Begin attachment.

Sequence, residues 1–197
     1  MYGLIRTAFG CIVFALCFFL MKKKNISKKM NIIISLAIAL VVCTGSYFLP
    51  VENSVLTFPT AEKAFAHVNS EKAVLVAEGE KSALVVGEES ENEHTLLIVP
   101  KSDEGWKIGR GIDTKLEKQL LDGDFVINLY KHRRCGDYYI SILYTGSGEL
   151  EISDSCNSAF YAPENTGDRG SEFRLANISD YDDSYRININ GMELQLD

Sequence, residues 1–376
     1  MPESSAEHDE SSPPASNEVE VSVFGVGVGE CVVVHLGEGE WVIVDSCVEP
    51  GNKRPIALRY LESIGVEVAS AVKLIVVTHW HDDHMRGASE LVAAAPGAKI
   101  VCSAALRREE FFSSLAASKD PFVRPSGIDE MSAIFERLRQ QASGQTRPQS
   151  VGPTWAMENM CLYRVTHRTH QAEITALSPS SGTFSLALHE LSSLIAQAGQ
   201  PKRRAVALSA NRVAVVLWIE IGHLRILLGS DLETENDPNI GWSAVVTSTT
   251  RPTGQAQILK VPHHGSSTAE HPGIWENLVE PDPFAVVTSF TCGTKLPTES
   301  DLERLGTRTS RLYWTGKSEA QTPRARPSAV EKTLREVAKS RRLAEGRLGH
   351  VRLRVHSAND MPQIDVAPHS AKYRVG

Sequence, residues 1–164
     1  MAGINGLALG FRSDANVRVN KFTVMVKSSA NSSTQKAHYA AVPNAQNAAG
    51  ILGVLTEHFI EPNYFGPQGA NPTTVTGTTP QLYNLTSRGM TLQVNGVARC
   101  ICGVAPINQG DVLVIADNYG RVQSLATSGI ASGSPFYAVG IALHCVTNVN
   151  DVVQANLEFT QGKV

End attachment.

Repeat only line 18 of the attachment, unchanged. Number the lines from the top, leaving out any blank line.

   101  ICGVAPINQG DVLVIADNYG RVQSLATSGI ASGSPFYAVG IALHCVTNVN